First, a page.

GraphN Library Primer
At its core, GraphN Library (GNL) is an integration plugin that sits right inside your DCC, and gives you the following features:
- You have access to a ready-made library of tools
- You can export your GraphN tools to it
- It allows you to connect GraphN and your DCC
- Its Tags Editor allows you to easily manage objects
- Tools in the GraphN Library are non-destructive and really, really fast!
- And so much more!
In this primer, we'll be going through the basics all the way to key tips and tricks that can help you work smarter and faster than ever before.
You can open the GNL toolbar in two different ways for Unreal Engine and Autodesk Maya. In UE, there will be a GraphN icon in your toolbar that you can click on:
And in Maya, you should find a "GraphN" menu on your menu bar:
Clicking on either of those buttons will open the following toolbar:
Each button on this toolbar is crucial to fully leverage the GraphN ecosystem's capabilities. We'll go through them from right to left, starting with "Tools Browser" and ending with "Disconnect"
This panel is the heart of GraphN Library: if you click on it, it'll display a panel with the tools that you can use right away. Clicking on any given tool in the panel will close the tools browser panel, and open the specific tool. The reload icon left to the close icon will reload your library, in case you've exported a new tool from GraphN but aren't seeing it in the panel.
When you "Export" a tool from GraphN, it'll get displayed in this panel, and in the future, you'll have the ability to search through tools built not just by the Polygonflow team but artists around the world, almost like a Google for 3D workflow automation.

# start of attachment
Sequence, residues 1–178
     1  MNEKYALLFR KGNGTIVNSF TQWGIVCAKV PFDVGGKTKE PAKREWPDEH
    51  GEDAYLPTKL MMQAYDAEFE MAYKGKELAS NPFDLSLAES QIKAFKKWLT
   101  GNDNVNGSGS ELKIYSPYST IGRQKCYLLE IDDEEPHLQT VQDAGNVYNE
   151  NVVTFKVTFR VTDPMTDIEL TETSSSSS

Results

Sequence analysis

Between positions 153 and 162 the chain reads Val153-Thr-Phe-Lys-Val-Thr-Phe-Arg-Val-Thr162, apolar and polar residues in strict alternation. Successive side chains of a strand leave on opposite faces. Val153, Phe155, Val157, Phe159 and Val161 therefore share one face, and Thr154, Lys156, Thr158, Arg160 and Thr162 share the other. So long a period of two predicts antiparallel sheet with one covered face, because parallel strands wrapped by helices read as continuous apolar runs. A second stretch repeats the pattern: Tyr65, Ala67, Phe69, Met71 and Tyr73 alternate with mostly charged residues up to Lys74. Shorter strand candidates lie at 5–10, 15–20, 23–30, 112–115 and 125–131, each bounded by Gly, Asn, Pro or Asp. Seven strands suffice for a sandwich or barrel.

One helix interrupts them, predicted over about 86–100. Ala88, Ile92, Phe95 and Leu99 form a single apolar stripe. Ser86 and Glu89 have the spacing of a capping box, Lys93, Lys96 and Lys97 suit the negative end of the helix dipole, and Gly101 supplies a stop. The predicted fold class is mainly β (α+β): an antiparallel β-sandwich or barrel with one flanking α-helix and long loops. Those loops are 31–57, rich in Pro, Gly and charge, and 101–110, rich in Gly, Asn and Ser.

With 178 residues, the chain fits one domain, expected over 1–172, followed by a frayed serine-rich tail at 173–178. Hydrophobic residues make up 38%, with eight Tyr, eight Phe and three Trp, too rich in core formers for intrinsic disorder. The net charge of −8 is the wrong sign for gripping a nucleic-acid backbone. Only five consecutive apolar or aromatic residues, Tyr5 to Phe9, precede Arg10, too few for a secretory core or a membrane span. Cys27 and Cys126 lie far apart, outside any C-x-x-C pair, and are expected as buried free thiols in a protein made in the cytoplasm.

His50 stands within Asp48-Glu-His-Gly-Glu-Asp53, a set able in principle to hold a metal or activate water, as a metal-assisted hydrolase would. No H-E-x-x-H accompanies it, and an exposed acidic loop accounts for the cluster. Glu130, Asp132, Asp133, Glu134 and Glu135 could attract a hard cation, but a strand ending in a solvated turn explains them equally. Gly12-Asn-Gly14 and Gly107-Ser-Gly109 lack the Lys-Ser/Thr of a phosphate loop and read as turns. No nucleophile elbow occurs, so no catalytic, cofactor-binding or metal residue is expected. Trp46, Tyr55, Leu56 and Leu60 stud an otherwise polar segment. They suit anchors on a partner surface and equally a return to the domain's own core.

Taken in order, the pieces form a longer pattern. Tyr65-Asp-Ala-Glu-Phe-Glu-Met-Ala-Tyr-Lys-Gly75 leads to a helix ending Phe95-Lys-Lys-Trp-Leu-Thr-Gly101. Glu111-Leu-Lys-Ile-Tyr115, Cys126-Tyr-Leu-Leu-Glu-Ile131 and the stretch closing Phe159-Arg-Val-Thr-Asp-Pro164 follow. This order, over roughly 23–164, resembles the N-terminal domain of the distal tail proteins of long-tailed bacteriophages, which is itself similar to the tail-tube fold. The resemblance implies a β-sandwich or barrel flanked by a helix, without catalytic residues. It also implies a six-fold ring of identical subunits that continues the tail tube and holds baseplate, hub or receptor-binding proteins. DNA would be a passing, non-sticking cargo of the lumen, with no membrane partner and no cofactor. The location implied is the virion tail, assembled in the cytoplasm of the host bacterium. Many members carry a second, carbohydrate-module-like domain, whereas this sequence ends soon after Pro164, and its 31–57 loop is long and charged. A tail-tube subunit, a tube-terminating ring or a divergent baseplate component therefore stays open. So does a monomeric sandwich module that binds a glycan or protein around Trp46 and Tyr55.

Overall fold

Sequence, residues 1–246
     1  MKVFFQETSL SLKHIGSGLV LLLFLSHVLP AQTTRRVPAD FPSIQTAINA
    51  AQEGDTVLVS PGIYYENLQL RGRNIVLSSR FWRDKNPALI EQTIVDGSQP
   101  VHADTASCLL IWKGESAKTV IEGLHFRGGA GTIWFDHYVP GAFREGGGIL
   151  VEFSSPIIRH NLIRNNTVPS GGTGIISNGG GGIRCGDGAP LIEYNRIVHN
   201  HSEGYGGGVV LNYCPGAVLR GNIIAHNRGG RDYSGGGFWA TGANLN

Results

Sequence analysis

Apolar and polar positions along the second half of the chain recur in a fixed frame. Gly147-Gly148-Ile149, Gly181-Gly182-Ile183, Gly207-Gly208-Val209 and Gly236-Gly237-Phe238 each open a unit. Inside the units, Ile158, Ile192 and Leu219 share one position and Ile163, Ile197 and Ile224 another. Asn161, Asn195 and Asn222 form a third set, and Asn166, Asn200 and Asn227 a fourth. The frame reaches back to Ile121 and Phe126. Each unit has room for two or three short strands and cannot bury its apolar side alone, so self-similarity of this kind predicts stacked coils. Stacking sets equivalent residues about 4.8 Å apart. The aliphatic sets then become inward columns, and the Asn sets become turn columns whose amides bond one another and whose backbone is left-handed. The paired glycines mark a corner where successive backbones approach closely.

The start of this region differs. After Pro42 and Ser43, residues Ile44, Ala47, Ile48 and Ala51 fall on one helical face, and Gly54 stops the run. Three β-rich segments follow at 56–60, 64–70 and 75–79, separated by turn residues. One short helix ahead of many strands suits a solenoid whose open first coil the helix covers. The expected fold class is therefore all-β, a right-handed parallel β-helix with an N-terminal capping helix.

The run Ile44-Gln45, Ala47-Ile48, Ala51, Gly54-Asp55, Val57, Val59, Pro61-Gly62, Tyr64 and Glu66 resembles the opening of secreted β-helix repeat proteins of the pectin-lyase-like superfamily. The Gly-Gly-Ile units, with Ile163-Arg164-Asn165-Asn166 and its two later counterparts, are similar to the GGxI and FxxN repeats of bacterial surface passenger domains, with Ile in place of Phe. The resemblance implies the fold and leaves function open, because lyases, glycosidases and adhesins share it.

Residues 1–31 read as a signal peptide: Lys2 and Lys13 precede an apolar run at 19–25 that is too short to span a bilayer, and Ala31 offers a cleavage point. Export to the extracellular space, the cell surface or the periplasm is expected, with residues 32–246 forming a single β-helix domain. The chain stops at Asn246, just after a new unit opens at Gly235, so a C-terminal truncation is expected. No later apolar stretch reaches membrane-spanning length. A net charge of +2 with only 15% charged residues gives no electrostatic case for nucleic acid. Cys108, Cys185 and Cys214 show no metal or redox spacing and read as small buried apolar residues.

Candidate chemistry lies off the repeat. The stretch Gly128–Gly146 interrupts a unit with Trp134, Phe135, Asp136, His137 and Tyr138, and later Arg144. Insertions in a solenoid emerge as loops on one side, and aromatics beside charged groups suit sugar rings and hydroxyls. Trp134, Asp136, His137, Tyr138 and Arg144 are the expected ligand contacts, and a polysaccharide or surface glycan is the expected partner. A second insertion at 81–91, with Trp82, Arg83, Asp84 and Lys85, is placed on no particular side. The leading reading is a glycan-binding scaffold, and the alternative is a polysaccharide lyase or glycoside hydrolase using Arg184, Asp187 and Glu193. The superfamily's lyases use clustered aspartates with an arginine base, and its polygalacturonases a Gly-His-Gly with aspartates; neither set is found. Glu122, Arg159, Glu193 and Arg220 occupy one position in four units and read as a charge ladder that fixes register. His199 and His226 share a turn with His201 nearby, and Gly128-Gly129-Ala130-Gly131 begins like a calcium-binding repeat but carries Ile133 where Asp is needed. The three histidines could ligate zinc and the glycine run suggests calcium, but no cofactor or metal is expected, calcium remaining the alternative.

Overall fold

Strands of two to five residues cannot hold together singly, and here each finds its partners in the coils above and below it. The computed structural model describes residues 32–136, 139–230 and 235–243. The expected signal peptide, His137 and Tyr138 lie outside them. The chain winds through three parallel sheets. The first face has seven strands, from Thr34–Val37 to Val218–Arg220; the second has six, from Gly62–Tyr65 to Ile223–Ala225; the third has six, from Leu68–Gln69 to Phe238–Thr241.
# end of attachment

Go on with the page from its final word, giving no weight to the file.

By default, any tool you open will look like this:
Clicking on that blue plus icon will create a new "tab" or instance. You can think of these as web tabs in one browser window, essentially. Each tab has its own name, and double-clicking on the name will allow you to rename it (don't forget to press Enter to confirm the name change!).
Closing a tab is as simple as hitting the X on each tab. Keep in mind that this action is currently not undoable!
There are various properties to play with for each tool. Most of them are sliders, checkboxes, and other standard properties, but the ones you may not be used to are the "Container" properties, like these two:
These properties allow you to pass any object, material, or curve to the tool. On the first property with the name "Object", you can see that the property currently has ten objects. The four icons on its right allow you to a) clear all objects from the property b) select all objects in the property c) add objects to the property d) expand or collapse the objects display